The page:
One of the myths of choosing a university course is that a student should always do so with an eye to future employability, as a good half of employers do not stipulate specific degrees. Doing a degree in a subject that doesn’t interest them is a recipe for a tough and probably not very stimulating three years. The main issue is to choose a respected university, as that is what most employers put importance on when recruiting.
Of just as much importance to an employer nowadays is what a student does at university. Gone are the days of a relaxed and unfocused three years when employment after graduation was guaranteed. Now a student needs to be focused and have a strategy to achieve outside of their academic studies too. This might be as a member of a sports team, organiser of a society or a college ball, anything that can be used to display life skills gained over and above pure studying. Work experience during the holidays, and the ubiquitous unpaid internships are also becoming a vital part of their CV.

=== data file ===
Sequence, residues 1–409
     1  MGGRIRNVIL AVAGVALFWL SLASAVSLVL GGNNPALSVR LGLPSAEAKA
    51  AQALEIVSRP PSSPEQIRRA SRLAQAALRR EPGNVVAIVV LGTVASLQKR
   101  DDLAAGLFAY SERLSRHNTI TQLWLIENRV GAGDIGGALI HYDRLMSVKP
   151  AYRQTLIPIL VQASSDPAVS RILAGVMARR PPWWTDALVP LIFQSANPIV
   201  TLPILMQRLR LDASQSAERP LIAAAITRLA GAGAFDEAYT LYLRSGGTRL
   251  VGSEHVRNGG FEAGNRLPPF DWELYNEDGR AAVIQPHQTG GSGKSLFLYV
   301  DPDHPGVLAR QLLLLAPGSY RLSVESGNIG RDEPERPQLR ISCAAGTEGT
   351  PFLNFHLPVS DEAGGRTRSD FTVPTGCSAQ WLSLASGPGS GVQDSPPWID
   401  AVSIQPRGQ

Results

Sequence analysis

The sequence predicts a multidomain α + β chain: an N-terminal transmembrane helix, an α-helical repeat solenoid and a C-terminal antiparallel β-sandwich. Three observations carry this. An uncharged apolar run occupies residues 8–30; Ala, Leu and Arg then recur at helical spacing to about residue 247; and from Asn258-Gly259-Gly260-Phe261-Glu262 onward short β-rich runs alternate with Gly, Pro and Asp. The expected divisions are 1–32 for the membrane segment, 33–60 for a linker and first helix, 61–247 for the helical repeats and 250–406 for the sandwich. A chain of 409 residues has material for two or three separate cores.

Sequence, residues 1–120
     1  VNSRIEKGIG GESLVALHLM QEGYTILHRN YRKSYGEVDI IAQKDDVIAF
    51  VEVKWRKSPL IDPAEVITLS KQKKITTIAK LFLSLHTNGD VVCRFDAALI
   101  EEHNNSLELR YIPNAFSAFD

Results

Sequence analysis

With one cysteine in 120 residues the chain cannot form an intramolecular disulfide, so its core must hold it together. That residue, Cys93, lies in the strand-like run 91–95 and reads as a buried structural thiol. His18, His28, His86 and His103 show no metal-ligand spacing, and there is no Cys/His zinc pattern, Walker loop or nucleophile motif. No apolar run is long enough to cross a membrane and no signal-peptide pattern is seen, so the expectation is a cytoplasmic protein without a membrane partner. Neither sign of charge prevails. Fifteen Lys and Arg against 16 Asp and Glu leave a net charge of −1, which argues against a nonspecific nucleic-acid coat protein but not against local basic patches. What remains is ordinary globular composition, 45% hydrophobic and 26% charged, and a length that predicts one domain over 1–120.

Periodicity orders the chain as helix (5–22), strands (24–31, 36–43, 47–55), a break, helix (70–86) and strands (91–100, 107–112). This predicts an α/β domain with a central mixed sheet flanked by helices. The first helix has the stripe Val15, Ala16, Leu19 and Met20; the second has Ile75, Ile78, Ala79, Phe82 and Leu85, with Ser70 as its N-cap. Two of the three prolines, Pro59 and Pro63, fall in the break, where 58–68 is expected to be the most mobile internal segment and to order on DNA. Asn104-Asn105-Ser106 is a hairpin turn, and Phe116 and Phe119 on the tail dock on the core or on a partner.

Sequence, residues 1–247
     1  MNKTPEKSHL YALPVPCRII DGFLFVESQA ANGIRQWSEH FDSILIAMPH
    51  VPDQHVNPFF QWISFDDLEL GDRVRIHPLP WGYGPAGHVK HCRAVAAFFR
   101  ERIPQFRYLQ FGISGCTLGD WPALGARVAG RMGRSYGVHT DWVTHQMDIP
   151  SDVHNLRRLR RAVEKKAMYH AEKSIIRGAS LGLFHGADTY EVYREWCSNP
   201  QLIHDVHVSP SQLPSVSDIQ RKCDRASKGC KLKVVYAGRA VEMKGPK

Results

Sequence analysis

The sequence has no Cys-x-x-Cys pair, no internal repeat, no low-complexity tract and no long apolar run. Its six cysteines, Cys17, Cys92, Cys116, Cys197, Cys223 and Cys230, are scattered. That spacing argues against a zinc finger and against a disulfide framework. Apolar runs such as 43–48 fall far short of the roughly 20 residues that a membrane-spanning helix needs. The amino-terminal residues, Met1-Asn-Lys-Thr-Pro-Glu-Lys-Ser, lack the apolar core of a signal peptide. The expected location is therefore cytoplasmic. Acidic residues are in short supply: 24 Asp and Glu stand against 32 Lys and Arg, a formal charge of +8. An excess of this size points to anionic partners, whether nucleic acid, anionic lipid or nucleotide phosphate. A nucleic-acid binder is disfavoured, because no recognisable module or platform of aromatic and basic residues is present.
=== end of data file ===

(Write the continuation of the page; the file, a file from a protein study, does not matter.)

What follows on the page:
University life, especially with fees of up to £9,000 a year, has changed forever. Those who strike a sensible balance, and a realistic weighting between all night binges and getting well prepared work in on time, are no longer regarded as swots, as is evidenced by the jam packed libraries before exams. It is now a life balance issue between work and play, and a time for wise and careful choices: managing tight budgets and demands on time and friendships, choosing a student house, coping with homesickness and worries about whether or not the course is the right one.